Queries a Snarkling with a Scrapbook:
Dear Miss Snark,
I have a question about track records --
My first book was published by a small but reputable press, and I never really considered getting an agent because I knew it wouldn't make any money. I ended up getting more reviews than expected, and while some were very positive, others trashed it. I didn't worry much about it, and I still stand by the book.
The thing is, I'm about to start shopping another manuscript, and this one, though as strange as the first, seems like it could have a better chance with a larger publisher. I know I'm supposed to mention my history when querying agents, but should I try to justify myself a little or just hope they won't check my [online retailer] page and see what [trade magazine] had to say?
Nobody cares what the reviews said. Well, ok ...you do. And your ma. And your fifth grade teacher who now uses you as the example to the boys in the back of the room rolling cigarettes and leering at girlie mags "the last boy who did that grew up to be a NOVELIST so just watch your step there bucko."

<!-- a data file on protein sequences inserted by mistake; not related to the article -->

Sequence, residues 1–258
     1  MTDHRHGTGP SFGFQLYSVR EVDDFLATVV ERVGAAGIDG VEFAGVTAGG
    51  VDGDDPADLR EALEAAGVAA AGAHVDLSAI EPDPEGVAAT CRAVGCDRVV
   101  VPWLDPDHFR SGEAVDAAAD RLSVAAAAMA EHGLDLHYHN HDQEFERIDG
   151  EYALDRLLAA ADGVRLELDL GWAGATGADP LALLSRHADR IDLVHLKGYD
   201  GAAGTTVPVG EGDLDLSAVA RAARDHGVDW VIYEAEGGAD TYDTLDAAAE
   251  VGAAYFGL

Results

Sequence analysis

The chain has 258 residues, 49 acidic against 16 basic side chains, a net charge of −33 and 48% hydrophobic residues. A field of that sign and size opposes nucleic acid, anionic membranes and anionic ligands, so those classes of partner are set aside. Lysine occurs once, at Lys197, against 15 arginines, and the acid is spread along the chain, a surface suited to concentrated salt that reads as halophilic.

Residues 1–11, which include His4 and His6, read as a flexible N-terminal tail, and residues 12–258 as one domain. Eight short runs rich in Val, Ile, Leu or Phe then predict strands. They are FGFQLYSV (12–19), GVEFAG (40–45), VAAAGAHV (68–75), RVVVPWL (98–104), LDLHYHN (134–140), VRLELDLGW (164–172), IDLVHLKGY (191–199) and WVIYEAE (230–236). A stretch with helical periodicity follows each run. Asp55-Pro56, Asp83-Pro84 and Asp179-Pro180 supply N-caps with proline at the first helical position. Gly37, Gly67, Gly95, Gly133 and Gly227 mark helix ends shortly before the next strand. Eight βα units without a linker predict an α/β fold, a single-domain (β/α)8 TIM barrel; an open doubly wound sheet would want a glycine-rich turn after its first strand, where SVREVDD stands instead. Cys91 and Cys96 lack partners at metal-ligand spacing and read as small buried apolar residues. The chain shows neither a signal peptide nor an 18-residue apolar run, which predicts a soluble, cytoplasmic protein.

The only thing an editor really cares about is how well it sold.
Review attention is one of those things that are supposed to sell books. Well, some do. Library Journal reviews prompt librarians. PW and Kirkus prompt the book trade.
Ask any publisher though and reviews aren't what move books: it's word of mouth. Buzz.
Off the book page features help with that. Does anyone honest to god think that reviews moved a single copy of The DaVinci Code?
It's nice to have good reviews. They make us feel like someone else out there read it and liked it. But when it comes to making a deal, cough up sales figures on a previous novel before reviews.
You're actually better off to have that mixed bag of reviews. "Well reviewed" is a secret kiss of death cause it usually means it sold-for-shit.